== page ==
Summer health care internships prove valuable
By Scott Bigelow
Summer health care interns - Front row from left: Candace
M. Lowry, Jennifer R. Jackson, Suzette R. Bullard and Charlotte
L. Johnson. Back row from left: Jeremy Demery, Ashley D. Locklear,
Candace L. Sampson, Deidra S. Dial and Clifton D. Dial
"My eyes are open," said UNC Pembroke student Jeremy Demery.
Demery and eight students performed six-week internships with area
hospitals and clinics this summer through the UNCP North
Carolina Health Careers Access Program. It is called the Clinical
Health Summer Program.
An aspiring physician, Demery said he learned everything from telephone
answering to the importance of good patient communications at the Lumberton
"You need to make patients feel comfortable, because sometimes
they won't tell you what you need to know to help them," he said.
The sophomore biology major said he worked hard and learned a lot.
"They work you," Demery said. "It's a small clinic,
so you learn everything."
What Demery learned in a primary care setting surprised him and will
help guide his career.
"The diabetes and hypertension rate is so high in Robeson County,
especially among Lumbees," he said. "I learned that I would
like to be in emergency medicine or pediatrics."
The program gives students a thorough look at careers in health care
that they want to pursue, said Sylvia Johnson, HCAP director.
"The internship program provides a wonderful opportunity for college
students to look at a variety of careers in health care and related
fields while earning a salary for seven weeks," said Director Sylvia
Johnson. "The students get practical experience, exposure to real-life
situations, and the opportunity to make valuable contact with health
care professionals by which mentor relationships could form."
Deidra Dial. A sophomore biology and chemistry major from Pembroke,
Dial interned at Pembroke Pediatrics. She also wants to go to medical
Like Demery, Dial worked in all areas of the clinic including the
front desk, medical records, nurse's station and, finally, job shadowing
the physician's assistant.
"The PA took me under his wing," Dial said. "He let
me observe everything that was going on and discussed patient diagnosis
and treatment with me."
"Finally, I got to go in with patients by myself, and after I
presented what I found to the PA, he would go in and see the patient,"
she said. "He was always teaching, even during down times."
Suzette Bullard. A sophomore biology major (biomedical emphasis)
from Maxton, Bullard wants to be a physician's assistant. She interned
at Robeson Family Practice in Red Springs.
"I would most likely come back to a clinic like that one in Robeson
County," Bullard said. "I like the way it was set up, and
the work is interesting."
Charlotte Johnson. A senior psychology major (at UNC-Chapel
Hill) and Pembroke native, Johnson wants to be a pharmacist. She did
her internship in the pharmacy at Southeastern Regional Medical Center
"It was an opportunity to gain exposure to the hospital pharmacy
setting, and I liked it," Johnson said. "I would recommend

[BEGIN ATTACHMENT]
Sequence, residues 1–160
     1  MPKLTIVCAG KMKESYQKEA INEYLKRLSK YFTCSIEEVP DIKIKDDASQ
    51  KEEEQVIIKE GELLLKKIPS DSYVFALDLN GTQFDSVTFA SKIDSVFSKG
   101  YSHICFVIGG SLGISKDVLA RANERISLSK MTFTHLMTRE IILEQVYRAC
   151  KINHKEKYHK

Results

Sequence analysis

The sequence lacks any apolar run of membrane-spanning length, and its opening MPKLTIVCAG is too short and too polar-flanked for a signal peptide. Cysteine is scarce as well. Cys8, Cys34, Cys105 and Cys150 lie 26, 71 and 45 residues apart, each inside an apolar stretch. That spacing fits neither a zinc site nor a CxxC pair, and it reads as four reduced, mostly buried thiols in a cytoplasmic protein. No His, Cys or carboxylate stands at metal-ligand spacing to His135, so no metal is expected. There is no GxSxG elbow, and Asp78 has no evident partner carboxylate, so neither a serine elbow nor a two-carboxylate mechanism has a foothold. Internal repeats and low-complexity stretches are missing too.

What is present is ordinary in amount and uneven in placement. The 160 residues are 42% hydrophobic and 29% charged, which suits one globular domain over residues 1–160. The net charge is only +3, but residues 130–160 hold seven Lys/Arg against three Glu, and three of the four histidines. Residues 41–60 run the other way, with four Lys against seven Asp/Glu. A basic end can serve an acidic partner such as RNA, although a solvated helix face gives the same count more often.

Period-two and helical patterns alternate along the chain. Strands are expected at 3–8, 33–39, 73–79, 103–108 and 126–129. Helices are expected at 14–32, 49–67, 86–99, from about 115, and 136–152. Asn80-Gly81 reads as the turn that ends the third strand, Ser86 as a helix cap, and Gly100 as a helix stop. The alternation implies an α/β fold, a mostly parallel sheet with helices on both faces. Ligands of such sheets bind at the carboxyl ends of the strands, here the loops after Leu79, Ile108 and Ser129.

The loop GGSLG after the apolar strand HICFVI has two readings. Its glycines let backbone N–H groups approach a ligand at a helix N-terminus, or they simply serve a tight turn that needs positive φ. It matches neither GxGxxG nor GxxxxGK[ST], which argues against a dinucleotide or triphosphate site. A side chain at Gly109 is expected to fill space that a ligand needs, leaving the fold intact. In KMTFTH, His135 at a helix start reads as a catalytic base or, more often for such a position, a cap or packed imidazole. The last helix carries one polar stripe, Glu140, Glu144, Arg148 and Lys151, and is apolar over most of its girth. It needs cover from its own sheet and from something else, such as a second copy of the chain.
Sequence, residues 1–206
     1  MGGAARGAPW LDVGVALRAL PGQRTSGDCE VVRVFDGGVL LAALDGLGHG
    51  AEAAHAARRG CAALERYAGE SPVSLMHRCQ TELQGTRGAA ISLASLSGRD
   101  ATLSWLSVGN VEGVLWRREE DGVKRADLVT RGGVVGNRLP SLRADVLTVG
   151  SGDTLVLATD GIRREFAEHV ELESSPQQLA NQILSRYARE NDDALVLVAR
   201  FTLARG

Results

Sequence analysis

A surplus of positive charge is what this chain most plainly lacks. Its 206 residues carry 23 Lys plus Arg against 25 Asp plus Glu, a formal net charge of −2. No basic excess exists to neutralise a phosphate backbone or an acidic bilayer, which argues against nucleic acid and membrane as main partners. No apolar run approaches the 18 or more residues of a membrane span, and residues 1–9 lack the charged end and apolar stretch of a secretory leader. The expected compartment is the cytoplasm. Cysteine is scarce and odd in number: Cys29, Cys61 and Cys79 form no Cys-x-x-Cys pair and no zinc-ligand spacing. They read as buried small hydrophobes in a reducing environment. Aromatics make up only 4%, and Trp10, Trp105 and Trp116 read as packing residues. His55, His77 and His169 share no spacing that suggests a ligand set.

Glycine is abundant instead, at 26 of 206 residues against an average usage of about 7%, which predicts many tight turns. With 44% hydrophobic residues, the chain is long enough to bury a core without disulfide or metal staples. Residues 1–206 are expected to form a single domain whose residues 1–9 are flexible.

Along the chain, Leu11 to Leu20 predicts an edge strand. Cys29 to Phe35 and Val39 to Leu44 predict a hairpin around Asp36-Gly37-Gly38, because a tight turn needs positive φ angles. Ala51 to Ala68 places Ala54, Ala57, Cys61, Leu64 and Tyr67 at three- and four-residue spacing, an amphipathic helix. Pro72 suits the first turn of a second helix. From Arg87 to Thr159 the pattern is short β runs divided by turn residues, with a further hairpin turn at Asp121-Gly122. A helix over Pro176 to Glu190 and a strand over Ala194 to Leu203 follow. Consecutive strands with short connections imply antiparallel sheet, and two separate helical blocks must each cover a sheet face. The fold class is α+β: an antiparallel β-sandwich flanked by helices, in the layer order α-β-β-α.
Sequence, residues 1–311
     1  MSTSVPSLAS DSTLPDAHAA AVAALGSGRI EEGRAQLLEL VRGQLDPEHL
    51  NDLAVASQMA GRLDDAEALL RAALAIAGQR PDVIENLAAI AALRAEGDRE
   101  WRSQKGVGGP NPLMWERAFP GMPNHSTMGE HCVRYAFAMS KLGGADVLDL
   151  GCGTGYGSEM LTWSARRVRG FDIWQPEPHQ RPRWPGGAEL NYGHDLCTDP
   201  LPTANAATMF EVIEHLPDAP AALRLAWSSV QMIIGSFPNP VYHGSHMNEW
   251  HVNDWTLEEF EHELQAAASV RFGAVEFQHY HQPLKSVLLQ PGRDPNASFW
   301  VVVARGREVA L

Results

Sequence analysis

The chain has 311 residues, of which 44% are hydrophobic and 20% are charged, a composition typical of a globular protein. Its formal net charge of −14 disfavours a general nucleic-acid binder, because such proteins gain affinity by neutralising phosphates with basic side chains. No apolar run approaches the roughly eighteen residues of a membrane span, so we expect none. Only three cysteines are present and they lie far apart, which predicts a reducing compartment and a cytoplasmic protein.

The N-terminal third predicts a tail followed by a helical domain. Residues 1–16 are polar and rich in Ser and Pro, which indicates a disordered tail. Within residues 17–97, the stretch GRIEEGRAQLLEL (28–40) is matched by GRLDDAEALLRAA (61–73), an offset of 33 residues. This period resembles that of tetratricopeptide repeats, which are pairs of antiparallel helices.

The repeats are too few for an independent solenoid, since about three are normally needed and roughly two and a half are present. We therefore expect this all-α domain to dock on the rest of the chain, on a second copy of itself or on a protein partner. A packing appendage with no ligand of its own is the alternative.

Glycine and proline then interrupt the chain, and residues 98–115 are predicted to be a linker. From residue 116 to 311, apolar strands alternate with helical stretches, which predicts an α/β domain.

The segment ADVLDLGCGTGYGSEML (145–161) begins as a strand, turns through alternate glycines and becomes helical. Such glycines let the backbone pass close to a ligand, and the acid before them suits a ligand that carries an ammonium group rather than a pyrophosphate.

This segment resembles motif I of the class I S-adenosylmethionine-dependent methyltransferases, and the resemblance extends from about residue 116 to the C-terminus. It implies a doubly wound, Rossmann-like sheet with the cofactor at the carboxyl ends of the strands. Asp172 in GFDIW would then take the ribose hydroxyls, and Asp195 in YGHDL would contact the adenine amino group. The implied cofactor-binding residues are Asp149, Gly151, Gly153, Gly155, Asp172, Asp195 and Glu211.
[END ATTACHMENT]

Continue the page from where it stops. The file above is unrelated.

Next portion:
this program, or at least job shadowing, for anyone who believes they
want to go into the health care field."
Jennifer Jackson. A senior biology and chemistry major from
Lumberton, Jackson interned in the radiology department at Southeastern
Regional Medical Center. She wants to go to medical school.
"I did not know that radiologists did so many things," Jackson
said. "The best part was that I was able to observe as the doctors
did the procedures."
"Radiology is the field that sparked my interest, and the internship
has strengthened my desire to go into this field," she said.
Candace Sampson. A sophomore biology major from Pembroke, Sampson
interned at Pembroke Family Practice. She wants to be a physician's
"The professional atmosphere that I worked in gave me great insight
to the part of the medical field that I want to go into," Sampson
said. "We gave a lot of shots to little kids who cried, but they
needed their shots."
Ashley Locklear. A sophomore biology and chemistry major from
Pembroke, Locklear wants to go to medical school. She interned at the
Maxton Medical Clinic.
"I enjoyed talking to patients and learning their concerns,"
Locklear said. "I like being able to help people."
"I also learned to respect what nurses do," she said. "Nurses
are the backbone of patient care. They welcomed me and took time to
help me with procedures."
Candace Lowry. A sophomore biology major (biomedical emphasis)
from Lumberton, Lowry wants to be a pharmacist. She interned at the
pharmacy of Laurinburg's Scotland Memorial Hospital.
"I have worked in retail pharmacy, and a hospital is very different,"
Lowry said. "I liked it a lot, but I like community pharmacy because
you get to interact with people more."
"I made rounds and made IVs, but the most interesting thing was
to observe the pharmacists making chemotherapy treatments," she
Clifton Dial. A senior biology major from Scotland County, Dial
did his internship with the clinical lab at Scotland Memorial Hospital.
He wants to be a lab technologist.
"I rotated through hematology, microbiology and chemistry labs
and the blood bank," Dial said. "I learned a lot, and it gave
me confidence to pursue a clinical lab science program."
The Clinical Health Summer Program is just one example of how the NC-Health
Careers Access Program is helping to increase the number of racial/ethnic
minority and/or individuals from economically disadvantaged backgrounds
to be trained for the health professions
For more information about the program contact: Sylvia Johnson, Director,
NC-HCAP at 910.521.6493.
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